'A vivid depiction of global risk society and a vital critique of the inadequacies of militarized problem-solving in the face of it...Begs us to consider the question: how are peace and security best achieved in an intimately interconnected world? Perfect for use in courses on globalization, US foreign policy and international relations.' Dr. Stacy Takacs, Associate Professor and Director of American Studies, Oklahoma State University, Author,Terrorism TV: Popular Entertainment in Post-9/11 America

'Project Z offers a sobering account of the dystopic intersections of war, the state, security, economy, the environment, and global struggle. As one military leader states in the film, 'the nation makes war the way the nation makes wealth.' This film challenges its audience not to accept this articulation of war and wealth and to instead reclaim the planet in a more humane and democratic vision.' Michael L. Butterworth, Director and Associate Professor, School of Communication Studies, Ohio University

'Project Z powerfully re-orients our understanding of the political world. Visually arresting and intellectually unorthodox, this film will encourage students of international politics to adjust their vision and replenish their minds.' Gerry Simpson, Kenneth Bailey Professor of International Law, University of Melbourne, Author, Law, War and Crime: War Crimes Trials and the Reinvention of International Law

'Project Z and its Study Guide will have viewers considering the roles of government, institutions, and individuals in the creation of a desirable future society.' Eugene Nalence, Science Books and Films


Main credits

Der Derian, James (screenwriter)
Der Derian, James (film producer)
Gara, Phillip (film director)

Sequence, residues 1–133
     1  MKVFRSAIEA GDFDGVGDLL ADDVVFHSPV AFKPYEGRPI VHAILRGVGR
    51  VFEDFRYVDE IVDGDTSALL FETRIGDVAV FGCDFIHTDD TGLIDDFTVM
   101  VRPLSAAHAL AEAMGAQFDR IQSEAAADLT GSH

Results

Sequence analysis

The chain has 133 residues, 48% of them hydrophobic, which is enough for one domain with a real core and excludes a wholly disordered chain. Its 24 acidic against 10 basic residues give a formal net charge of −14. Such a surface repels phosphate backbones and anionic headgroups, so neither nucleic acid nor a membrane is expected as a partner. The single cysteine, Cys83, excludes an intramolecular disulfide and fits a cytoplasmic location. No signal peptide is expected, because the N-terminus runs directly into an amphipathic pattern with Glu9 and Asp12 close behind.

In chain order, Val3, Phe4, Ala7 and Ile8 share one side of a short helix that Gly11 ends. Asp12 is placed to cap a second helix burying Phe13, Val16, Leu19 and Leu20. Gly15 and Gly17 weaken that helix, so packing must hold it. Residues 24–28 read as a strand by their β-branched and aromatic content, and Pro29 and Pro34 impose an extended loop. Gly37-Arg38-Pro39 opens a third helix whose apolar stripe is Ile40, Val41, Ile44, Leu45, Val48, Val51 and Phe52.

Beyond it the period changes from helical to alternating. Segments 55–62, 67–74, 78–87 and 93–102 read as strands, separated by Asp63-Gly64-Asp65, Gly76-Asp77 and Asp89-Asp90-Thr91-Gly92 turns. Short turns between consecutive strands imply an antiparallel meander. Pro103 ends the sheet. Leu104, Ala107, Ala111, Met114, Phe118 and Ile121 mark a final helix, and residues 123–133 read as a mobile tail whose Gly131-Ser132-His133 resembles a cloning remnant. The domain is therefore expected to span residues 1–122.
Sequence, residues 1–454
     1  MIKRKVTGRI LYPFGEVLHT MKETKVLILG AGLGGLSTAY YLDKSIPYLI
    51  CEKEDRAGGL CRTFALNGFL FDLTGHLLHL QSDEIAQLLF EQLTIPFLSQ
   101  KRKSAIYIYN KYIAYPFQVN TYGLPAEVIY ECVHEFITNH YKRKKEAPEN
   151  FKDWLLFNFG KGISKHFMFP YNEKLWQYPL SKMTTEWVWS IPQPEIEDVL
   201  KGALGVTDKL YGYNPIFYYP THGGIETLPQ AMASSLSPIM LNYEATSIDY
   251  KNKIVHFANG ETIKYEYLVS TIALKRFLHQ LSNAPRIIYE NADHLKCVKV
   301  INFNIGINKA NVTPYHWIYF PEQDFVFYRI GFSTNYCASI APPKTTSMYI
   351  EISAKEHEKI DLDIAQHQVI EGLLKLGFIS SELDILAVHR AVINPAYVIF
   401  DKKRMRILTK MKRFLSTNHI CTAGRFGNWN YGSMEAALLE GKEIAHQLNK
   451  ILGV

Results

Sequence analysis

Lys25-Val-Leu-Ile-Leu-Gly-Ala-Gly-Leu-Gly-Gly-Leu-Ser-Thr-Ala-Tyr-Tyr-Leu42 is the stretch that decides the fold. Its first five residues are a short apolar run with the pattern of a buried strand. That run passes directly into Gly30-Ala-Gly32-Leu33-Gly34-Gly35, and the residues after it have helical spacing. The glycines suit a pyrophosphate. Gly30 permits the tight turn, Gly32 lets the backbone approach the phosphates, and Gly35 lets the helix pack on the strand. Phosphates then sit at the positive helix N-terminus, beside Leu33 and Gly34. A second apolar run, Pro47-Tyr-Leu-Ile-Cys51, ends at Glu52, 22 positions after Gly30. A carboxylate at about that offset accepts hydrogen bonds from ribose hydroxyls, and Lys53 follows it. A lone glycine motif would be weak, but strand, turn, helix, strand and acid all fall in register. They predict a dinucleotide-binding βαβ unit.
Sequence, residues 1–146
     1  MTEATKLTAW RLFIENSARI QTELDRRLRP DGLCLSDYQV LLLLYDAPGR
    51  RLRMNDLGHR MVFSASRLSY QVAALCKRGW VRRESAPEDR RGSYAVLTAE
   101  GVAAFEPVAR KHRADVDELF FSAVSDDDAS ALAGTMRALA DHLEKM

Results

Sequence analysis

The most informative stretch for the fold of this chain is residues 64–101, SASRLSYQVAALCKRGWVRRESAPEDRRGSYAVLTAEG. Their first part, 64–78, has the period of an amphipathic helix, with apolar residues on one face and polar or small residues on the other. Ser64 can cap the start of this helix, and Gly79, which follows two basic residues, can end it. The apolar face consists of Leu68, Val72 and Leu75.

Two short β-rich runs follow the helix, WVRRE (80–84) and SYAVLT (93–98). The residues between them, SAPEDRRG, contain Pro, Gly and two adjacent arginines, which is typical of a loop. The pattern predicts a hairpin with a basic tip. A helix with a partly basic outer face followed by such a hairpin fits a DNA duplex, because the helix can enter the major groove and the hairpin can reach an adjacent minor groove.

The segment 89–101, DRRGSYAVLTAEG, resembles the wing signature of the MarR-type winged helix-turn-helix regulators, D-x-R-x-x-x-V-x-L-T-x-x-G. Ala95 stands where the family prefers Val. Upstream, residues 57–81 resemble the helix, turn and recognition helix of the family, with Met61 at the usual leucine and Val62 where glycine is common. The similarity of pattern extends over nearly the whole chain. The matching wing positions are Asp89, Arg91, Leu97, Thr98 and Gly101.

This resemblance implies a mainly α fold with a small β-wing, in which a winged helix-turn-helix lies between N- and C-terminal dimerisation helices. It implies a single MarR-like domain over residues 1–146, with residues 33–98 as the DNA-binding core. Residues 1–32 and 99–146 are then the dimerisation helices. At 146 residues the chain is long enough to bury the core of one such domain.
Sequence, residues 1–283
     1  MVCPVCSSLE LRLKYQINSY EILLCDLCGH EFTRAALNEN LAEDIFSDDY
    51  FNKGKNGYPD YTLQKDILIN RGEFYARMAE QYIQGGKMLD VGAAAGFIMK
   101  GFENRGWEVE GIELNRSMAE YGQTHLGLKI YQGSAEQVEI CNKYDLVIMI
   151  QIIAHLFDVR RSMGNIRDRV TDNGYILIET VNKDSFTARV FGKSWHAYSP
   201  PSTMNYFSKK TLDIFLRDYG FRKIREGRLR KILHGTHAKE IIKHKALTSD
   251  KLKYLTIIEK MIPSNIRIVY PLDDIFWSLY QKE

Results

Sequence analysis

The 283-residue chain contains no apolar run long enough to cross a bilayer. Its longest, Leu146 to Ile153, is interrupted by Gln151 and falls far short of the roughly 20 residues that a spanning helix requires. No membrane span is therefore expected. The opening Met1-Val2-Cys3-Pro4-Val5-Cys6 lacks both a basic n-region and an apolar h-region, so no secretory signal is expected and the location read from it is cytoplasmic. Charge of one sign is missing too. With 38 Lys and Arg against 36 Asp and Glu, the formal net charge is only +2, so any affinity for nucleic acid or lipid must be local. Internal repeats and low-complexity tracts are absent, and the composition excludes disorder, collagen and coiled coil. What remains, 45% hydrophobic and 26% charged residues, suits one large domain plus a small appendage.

Gara, Phillip (editor of moving image work)

Other credits

Cinematography by James Der Derian and Phillip Gara; edited by Phillip Gara.

Docuseek2 subjects

Distributor subjects

American Studies
Computer Games Design
Foreign Policy, US
International Studies
Media Literacy
Political Science
Popular Culture
War and Peace


war games, worst-case scenarios, complex systems, networked media, end of Cold War, Walter Benjamin, defense establishment, entertainment industry, media companies, war games, video games, language games, Global Media Project, simluation, virtual reality, beginning of new world order, zombies, military strategy, Iraq, Afghanistan, global violence, injustice, inequality, military-industrial-media-entertainment network, MIME-NET, Fort Irwin Advanced Warfighting Experiment, AWE, Orlando Florida Simulation and Training Command, simulation and warfare, Andrew Marshall, Post-Cold War, Hohenfels, Germany,Humanitarian Intervention Wargame, urban warrior, asymmetric warfare simulation, Admiral Arthur Cebrowski, network centric warfare, Paul Virilio, zombie as metaphor, global war on terror, threat of climate change, 29 Palms, world war z, global event, Ama Ata Aidoo, Tariq Ali, Mark Blyth, Tarak Barkawi, Mustafa Barghouti, Andrew Bacevich, Reda Bensmaia, Franco Berardi, Anthony Bogues, Jean Camaroff, John Czarnecki, Colin Dayan, Dan Drezner, Rana Dasgupta, Lene Hansen, Alex Galloway, Michael Hardt, Marsha Henry, James Hevia, Mike Hill, Gigi Ibrahim, Lewis Gordon, Kurt Jacobson, Sergeii Kruschev, Patrick Kelley, Rashid Khalidi, John Kim, Dennis Lehane, Claudio Lomnitz, Joseph Masco, Anne McClintock, Vasuki Nesiah, Trevor Paglen, Lisa Parks, Mimi Sheller, P.W. Singer, Charles Tripp, Eric Wilson, Richard Wolff, Eyal Weizman, Maja Zehfuss; "Project Z"; Bullfrog Films